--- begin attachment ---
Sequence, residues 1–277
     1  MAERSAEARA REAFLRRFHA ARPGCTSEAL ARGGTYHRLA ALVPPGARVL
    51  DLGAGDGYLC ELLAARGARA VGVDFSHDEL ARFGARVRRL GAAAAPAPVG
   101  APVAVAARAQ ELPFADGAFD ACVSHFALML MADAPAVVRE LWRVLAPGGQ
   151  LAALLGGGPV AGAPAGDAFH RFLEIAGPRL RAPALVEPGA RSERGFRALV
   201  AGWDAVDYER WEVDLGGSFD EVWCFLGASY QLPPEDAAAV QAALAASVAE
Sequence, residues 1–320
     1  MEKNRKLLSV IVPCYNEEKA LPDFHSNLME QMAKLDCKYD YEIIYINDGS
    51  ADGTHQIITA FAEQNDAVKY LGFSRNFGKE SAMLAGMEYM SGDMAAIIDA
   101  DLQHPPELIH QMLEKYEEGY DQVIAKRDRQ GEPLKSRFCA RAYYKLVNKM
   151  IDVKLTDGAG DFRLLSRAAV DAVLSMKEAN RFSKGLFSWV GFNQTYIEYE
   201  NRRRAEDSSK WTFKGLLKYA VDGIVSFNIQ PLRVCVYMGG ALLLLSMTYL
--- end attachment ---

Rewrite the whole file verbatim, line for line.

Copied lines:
Sequence, residues 1–277
     1  MAERSAEARA REAFLRRFHA ARPGCTSEAL ARGGTYHRLA ALVPPGARVL
    51  DLGAGDGYLC ELLAARGARA VGVDFSHDEL ARFGARVRRL GAAAAPAPVG
   101  APVAVAARAQ ELPFADGAFD ACVSHFALML MADAPAVVRE LWRVLAPGGQ
   151  LAALLGGGPV AGAPAGDAFH RFLEIAGPRL RAPALVEPGA RSERGFRALV
   201  AGWDAVDYER WEVDLGGSFD EVWCFLGASY QLPPEDAAAV QAALAASVAE
Sequence, residues 1–320
     1  MEKNRKLLSV IVPCYNEEKA LPDFHSNLME QMAKLDCKYD YEIIYINDGS
    51  ADGTHQIITA FAEQNDAVKY LGFSRNFGKE SAMLAGMEYM SGDMAAIIDA
   101  DLQHPPELIH QMLEKYEEGY DQVIAKRDRQ GEPLKSRFCA RAYYKLVNKM
   151  IDVKLTDGAG DFRLLSRAAV DAVLSMKEAN RFSKGLFSWV GFNQTYIEYE
   201  NRRRAEDSSK WTFKGLLKYA VDGIVSFNIQ PLRVCVYMGG ALLLLSMTYL